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Link to an image of this page  Link to an image of this page  [H7v p126]

Parem delinquentis & suasoris
culpam esse.

The one who urges wrongdoing is as guilty as the one who does the wrong

LV.

Praeconem lituo perflantem classica victrix
Captivum in tetro carcere turma tenet.
Queis ille excusat, quòd nec sit strenuus armis,
Ullius aut saevo laeserit ense latus.
Huic illi, quin ipse magis timidissime peccas,
Qui clangore alios aeris in arma cies.[1]

The victorious troop holds captive in a foul dungeon a herald, who sounds military commands on his trumpet. To them he makes his excuses - he is no strong fighting man and has wounded no one’s side with a cruel sword. They reply: You abject coward, you are in fact more guilty, for you with the sound of your trumpet stir up others to fight.

Link to an image of this page  Link to an image of this page  [H8r p127]

Rat und that seind gleicher
verschuldigung.

LV.

Vonn feinden etwo gfangen ward
Ein trometer, und gstelt fur gricht,
Der sich entschuldigt solcher art:
Ich trag kain woehr die schneidt noch sticht,
Drumb hab ich ewch geschadet nicht.
Sagt man, nayn, durch die tromet dein
Kumbt das manch zager kecklich ficht,
Drumb ghoert dier sonder straff und pein.

Notes:

1.  This is a version of Aesop, Fables 325.


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Link to an image of this page  Link to an image of this page  [B8v f3v]

EMBLEMA III.

Mediolanum.[1]

Milan

Bituricis vervex, Heduis dat sucula signum,
His populis patriae debita origo[2] meae est.[3]
Quam Mediolanam [=Mediolanum] Sacram dixêre puellae
Terram: nam vetus hoc Gallica lingua sonat.
Culta Minerva fuit, nunc est, ubi numine Thecla
Mutato matris Virginis ante domum.[4]
Laniger huic signum sus est,[5] animalque biforme,
Acribus hinc setis, lanitio inde levi.

A ram provides the symbol for the Bituriges, a pig for the Aedui. My home country owes its origin to these peoples, a land sacred to the maiden, which they called Milan, for the ancient Gallic tongue names it so. Minerva was worshipped where now, with a change in presiding deity, Thecla is found before the house of the Virgin Mother. The city’s symbol is a woolly boar, an animal of double form, with sharp bristles at one end, smooth wool at the other.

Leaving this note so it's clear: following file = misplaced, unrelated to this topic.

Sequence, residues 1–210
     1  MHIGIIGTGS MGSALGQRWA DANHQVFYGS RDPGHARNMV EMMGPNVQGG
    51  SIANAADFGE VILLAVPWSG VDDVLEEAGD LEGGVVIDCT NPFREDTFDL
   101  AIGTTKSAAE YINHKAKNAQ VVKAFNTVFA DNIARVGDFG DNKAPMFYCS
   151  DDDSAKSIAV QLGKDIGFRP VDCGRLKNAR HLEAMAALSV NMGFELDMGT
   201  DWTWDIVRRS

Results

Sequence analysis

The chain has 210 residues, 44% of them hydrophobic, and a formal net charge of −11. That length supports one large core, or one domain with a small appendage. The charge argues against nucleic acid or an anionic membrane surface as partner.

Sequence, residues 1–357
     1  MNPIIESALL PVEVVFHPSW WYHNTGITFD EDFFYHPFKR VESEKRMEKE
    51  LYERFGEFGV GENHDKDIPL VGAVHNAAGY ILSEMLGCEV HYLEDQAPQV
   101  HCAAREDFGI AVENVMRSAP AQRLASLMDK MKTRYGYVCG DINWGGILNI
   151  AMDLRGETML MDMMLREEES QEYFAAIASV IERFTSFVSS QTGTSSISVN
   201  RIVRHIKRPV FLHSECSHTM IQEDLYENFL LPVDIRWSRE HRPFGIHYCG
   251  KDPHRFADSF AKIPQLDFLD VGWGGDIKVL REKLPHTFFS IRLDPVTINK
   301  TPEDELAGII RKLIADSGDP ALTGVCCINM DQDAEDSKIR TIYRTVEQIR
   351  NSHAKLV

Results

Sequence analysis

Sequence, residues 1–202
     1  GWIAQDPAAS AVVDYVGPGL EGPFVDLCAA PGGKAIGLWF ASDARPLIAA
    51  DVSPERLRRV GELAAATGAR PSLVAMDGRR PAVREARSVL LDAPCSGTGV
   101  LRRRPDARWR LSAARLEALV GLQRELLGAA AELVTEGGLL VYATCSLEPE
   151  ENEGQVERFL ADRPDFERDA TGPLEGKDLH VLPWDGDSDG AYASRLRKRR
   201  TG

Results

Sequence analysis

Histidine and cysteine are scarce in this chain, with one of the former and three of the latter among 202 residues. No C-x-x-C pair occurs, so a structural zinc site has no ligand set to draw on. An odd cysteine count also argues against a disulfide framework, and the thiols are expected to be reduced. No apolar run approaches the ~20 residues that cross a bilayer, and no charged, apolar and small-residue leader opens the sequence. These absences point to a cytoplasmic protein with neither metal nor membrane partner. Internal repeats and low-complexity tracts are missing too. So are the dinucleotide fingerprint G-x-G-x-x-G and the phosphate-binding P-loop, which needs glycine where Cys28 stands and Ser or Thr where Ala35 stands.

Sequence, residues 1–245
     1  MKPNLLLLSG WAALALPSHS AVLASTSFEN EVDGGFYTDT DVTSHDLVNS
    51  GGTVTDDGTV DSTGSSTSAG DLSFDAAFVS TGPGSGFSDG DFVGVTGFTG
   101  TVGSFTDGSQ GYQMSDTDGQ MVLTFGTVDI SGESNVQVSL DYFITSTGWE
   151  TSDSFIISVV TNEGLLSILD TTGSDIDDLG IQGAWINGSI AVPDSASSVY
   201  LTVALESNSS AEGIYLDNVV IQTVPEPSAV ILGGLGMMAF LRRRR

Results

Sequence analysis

Das III.

Meyland.

Die Weittheuren habn ein Wider gfürt
Die Heiden abr hat ein Schwein ziert
Link to an image of this page  Link to an image of this page  [C1r f4r] Auß diesen Völckern kommen ist
Mein liebes Vatterland on list
Meyland, habens die Jungfrauw genannt
Das ist so viel als ein gmeit Landt
Dann das vermag die alte Sprach
Der berümbten Teutschen Gallen nach
Bey inen war Minerva gehrt
An dem ort der jetzt ist verkehrt
In der Jungfrauwen Thecla Heilthumb
Vor unser lieben Frauwen Thumb
Zum Wappen führt es ein wolligs Schwein
Ein Thier mit zweyen gstalten sein
An dem einen ort hert Börst sind
An dem anderen Wollen lind.

Notes:

1.  This woodcut was designed for Emblem 184 (CLXXXV) [A67a184], and used here presumably because it includes a non-specific view of a city.

2.  Corrected from the errata.

3.  patriae meae, ‘my home country’. Alciato was born near Milan, and wrote a history of the city and the surrounding area. His populis...debita origo...est, ‘owes its origin to these peoples’. In the classical period Northern Italy was occupied by Celtic tribes from Gaul. The Bituriges and Aedui were two Gallic peoples, whose language would be a form of continental Celtic. See Alciato, Historia Mediolanensis, col.1ff. Biturgia is the Latin name for the modern Bourges; Aeduorum civitas or Hedua were two of the Latin names used for modern Autun.

4.  The name of Minerva, the Roman virgin goddess, was transferred to a local Celtic divinity with some similarities. For the particular devotion of the early inhabitants to the worship of Minerva see Alciato, Historia Mediolanensis, col. 10. Tecla or Thecla was a Christian virgin martyr, supposedly a follower of St. Paul.

5.  Laniger huic signum sus est, ‘The city’s symbol is a woolly boar’. This is based on a supposed etymology of the Celtic name Mediolanum (Milan), as if from medio- ‘middle’ and lana ‘wool’, .i.e. ‘half-covered in wool’. (This is found in Claudian, Epithalamium, 180ff; Sidonius Apollinaris, Epistulae 7.17.2; Isidore, Etymologiae, 15.1.) The name probably means ‘in the middle of the plain’.


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